Pages Menu
Categories Menu

Posted on Sep 29, 2015

JBS, Vol. 46, Issue 3, 2015

  Journal of Baltic Studies Special Issues: Food Culture in the Baltic States Exploring Modern Foodways: History, Nature, and Culture in the Baltic States by Diana Mincytė and Ulrike Plath Good, Clean, Fair… and Illegal: Paradoxes of Food Ethics in Post-Socialist Latvia by Guntra A. Aistara Geographies of Reconnection at the Marketplace by Renata Blumberg Changing Values of Wild Berries in Estonian Households: Recollections from an Ethnographic Archive by Ester Bardone and Piret Pungas-Kohv “Is that Hunger Haunting the Stove?” Thematization of Food in the Deportation Narratives of Baltic Women by Leena Kurvet-Käosaar The Evolution of Household Foodscapes over Two Decades of Transition in Latvia by Lani Tranouth and Talis Tisenkopfs The Making of the Consumer? Risk and Consumption in Europeanized Lithuania by Ida Harboe Knudsen Atlantic Herring in Estonia: In the Transverse Waves of International Economy and National Ideology by Kadri Tüür and Karl...

Read More

Posted on Sep 27, 2015

Baltic Scholars Discuss “Traditions, Transitions, Transfers” in Marburg

The eleventh Conference on Baltic Studies in Europe took place in Marburg, Germany, from September 7-10, 2015. The host, the Herder Institute, and its partners, the Justus Liebig University of Gießen and the Philipps University of Marburg, welcomed 195 participants from seventeen countries to discuss “Traditions, Transitions, Transfers.” The opening event took place in the magnificent ballroom of the Landgraves castle, which sits on top of the mountain overlooking the medieval city and the valley of the Lahn River. The series of welcome addresses by Peter Haslinger, the director of the Herder Institute, Egon Vaupel, the mayor of Marburg, Benedikt Stuchtey, the dean of the Faculty of History at Marburg University, and Joybarto Mukherjee, the president of Gießen University, was interspersed with musical deliberations by Aivars Kalejs (piano) and the most delightful Martina Doehring (soprano) introducing and singing pieces by the composer of Baltic descent Ella von Schultz-Adaïewsky (1846-1926). Theodore Weeks of Southern Illinois University at Carbondale lifted spirits with his highly enjoyable keynote speech “On the Edge: The...

Read More

Posted on Sep 7, 2015

Margarita Safronova | Intermediate Latvian @ BALSSI 2015

BALSSI provides an excellent opportunity to learn a language and interact with fellow scholars who are interested in the region. As a doctoral student who studies the post-Soviet states, I was looking for an intense language course to prepare me for research in Latvia. Enrollment at BALSSI was the ideal opportunity to improve my knowledge of Latvian. The six-week session was rigorous but effective. By the end of the program, I was eager to converse in Latvian. However, the benefits of the program extend beyond the classroom. During the six weeks, students from different disciplines and backgrounds had a chance to interact and learn about culture, history, and values of Estonian, Latvian, and Lithuanian nations. Learning songs and traditions of different countries contributed to a better understanding of the Baltic states. In addition, the lectures by visiting scholars provided cross-disciplinary perspectives about prominent issues in the region. The students had a chance to speak directly to the visiting scholars, adding to the well-rounded curriculum. BALSSI courses helped me revive...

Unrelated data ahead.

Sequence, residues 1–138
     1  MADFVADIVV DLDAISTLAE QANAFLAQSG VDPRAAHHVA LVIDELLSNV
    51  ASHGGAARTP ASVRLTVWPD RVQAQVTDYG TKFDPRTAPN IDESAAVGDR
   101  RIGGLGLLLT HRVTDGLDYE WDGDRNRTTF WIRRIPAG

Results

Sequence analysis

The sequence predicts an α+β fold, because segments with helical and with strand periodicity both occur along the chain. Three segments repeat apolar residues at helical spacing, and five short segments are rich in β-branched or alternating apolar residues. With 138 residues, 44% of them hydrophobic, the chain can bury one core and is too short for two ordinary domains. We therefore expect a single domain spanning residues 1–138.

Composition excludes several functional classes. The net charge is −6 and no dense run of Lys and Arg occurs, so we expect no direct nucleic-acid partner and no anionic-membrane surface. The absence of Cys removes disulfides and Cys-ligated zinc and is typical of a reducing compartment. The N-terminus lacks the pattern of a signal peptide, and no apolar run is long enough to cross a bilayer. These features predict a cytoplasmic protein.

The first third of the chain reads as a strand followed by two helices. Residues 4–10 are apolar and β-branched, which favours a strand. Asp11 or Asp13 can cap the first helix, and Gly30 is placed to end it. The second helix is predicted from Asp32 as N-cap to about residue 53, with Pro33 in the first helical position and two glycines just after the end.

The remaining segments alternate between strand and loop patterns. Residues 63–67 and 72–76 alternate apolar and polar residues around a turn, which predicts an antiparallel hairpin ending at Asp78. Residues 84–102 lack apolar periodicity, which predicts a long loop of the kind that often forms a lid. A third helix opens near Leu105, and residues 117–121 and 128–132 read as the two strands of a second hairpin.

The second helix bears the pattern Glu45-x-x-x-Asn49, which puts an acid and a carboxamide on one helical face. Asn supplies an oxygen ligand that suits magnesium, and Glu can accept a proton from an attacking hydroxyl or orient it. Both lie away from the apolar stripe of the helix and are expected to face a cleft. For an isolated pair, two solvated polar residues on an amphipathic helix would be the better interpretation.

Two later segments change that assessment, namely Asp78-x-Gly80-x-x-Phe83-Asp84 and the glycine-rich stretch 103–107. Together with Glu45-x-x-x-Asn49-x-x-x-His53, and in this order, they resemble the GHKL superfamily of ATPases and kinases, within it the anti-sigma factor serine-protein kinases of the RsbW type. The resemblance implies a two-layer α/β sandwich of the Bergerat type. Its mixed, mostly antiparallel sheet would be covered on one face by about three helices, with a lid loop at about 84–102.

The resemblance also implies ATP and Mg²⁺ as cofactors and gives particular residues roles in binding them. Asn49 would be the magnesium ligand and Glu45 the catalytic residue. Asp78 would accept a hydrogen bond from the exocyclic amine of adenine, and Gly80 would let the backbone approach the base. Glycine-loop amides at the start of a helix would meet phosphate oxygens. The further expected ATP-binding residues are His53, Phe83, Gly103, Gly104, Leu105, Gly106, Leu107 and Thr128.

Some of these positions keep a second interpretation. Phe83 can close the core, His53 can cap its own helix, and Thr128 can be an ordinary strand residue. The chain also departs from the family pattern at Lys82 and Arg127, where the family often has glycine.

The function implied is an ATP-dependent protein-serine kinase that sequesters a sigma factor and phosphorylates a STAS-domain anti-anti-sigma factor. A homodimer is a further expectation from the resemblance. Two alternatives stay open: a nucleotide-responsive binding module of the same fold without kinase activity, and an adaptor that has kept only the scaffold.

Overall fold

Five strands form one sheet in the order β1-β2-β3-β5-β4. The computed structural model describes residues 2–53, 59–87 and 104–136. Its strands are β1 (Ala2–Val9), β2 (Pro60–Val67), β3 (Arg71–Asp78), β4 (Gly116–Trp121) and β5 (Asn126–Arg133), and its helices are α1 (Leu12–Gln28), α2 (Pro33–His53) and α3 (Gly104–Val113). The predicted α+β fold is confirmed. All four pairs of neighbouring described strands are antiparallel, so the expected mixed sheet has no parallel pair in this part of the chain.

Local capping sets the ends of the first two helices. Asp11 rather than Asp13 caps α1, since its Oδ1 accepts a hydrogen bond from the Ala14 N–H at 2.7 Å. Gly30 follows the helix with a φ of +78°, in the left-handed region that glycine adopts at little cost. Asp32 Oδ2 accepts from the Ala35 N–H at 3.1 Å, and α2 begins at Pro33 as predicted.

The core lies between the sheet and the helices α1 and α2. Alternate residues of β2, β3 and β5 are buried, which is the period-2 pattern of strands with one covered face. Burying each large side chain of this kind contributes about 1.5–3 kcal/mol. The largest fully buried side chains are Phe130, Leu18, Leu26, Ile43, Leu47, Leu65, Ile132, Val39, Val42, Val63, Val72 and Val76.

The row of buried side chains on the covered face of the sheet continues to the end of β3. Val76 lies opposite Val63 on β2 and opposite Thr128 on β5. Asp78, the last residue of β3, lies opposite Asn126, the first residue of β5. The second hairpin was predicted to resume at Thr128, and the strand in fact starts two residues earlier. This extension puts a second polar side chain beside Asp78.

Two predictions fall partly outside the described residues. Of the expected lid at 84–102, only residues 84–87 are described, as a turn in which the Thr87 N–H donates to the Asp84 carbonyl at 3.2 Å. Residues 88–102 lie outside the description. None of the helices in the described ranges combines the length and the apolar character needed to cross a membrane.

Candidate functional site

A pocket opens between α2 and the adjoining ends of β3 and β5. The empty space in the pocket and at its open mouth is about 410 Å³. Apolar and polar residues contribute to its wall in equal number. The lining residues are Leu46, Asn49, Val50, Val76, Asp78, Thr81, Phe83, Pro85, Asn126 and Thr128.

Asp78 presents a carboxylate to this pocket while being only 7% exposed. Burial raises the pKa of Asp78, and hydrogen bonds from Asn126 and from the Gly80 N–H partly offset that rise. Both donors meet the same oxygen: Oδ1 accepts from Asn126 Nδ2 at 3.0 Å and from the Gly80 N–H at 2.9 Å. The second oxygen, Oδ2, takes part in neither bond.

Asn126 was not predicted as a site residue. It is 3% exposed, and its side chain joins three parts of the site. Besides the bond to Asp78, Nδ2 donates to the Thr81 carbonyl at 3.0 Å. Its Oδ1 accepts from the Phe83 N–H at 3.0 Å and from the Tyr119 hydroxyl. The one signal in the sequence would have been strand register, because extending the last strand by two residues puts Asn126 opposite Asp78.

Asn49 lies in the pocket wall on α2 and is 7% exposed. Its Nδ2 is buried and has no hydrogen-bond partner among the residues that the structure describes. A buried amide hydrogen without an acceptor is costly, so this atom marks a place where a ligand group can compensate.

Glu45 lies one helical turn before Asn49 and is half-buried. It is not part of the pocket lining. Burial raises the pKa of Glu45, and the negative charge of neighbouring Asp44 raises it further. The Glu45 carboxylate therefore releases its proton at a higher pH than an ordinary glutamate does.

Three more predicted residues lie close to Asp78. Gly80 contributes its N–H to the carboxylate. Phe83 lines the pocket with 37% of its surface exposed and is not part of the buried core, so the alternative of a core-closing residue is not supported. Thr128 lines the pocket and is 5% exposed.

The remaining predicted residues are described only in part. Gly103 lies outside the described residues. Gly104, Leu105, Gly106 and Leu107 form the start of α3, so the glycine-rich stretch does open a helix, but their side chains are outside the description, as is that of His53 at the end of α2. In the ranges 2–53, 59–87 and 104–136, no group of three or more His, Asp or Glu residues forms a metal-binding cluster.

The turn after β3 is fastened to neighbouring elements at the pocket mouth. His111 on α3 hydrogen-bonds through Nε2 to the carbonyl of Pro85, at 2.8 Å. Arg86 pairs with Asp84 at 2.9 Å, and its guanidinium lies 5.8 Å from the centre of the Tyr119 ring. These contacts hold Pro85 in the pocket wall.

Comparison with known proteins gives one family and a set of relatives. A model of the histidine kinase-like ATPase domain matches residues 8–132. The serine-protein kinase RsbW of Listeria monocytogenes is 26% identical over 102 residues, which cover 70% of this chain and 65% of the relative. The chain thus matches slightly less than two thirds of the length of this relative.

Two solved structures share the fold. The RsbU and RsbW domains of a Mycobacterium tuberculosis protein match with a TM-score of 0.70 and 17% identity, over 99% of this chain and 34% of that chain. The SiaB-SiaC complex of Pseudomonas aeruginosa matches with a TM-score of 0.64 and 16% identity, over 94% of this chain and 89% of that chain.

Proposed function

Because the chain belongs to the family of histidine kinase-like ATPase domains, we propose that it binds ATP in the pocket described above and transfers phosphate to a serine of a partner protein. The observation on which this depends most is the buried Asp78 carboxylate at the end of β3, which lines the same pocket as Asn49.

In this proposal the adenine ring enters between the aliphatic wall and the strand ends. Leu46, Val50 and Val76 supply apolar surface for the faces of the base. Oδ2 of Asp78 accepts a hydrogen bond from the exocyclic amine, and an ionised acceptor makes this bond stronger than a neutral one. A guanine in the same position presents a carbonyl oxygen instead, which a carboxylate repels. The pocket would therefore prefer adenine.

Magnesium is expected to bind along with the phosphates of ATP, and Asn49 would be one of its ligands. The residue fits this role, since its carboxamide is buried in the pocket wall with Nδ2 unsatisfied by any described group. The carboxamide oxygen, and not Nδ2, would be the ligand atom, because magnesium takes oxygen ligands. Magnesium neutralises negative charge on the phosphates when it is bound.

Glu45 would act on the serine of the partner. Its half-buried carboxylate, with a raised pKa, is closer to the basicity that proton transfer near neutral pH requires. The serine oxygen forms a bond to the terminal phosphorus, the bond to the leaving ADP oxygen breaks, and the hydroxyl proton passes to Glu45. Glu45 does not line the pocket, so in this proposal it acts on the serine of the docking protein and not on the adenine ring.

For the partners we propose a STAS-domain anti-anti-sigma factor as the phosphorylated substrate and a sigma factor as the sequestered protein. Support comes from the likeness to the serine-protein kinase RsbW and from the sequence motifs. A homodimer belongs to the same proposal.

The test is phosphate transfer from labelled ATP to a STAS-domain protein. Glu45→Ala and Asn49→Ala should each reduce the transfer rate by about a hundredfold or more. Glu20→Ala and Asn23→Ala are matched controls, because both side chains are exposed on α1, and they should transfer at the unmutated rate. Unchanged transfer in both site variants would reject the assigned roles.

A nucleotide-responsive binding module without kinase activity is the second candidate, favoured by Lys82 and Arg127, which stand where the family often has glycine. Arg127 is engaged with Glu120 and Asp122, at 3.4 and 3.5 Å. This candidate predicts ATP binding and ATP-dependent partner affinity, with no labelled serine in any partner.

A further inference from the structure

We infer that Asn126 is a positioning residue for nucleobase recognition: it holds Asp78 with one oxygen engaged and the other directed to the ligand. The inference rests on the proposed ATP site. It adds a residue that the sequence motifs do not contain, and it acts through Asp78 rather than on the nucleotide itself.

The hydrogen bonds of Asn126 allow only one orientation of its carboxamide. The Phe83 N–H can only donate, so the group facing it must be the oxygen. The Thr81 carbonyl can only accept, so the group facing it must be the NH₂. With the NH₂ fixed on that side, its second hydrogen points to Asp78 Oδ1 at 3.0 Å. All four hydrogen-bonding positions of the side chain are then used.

Read More

Posted on Jun 7, 2015

Daunis Auers on Political History of Estonia, Latvia and Lithuania

A new book by Daunis Auers, former AABS board member, “provides an accessible, comprehensive and balanced comparative analysis of the political development and reinvention of Estonia, Latvia and Lithuania since seizing independence from a disintegrating Soviet Union in August 1991.” Comparative Politics and Government of the Baltic States: Estonia, Latvia and Lithuania in the 21st century explores the political history of the three countries with a focus on constitutional and institutional choices of the 1990s as the three countries re-established...

Read More

Posted on Feb 10, 2015

The Consequences of Playing the Compatriot Card

Dr. Jennie Schulze, assistant professor of Political Science at Duquesne University, received an AABS Emerging Scholar award in 2013. Her project focuses on how Russia’s kin-state activism influences decision-making surrounding minority policies in Estonia and Latvia. Estonia and Latvia have been primary targets of Russia’s Compatriot Policy. The restrictive citizenship and language polices they adopted in the early 1990s ultimately disenfranchised their large Russian-speaking minorities. Russia has used a variety of tools in the name of protecting its compatriots including military and economic pressures, historical aggravation, border agreements, citizenship policy, international organizations, media campaigns, cyber warfare, and the funding and organization of protests. Concerns over Russia’s influence in Estonian and Latvian society have been escalating in recent years, particularly in the wake of mass protests over school reform in Latvia in spring 2004 and the Bronze Soldier riots in Estonia in April 2007. Both are evidence of Russia’s increasing use of soft power strategies to co-opt Russian-speakers in order achieve its political objectives. Russia’s activism is particularly worrisome in...

Read More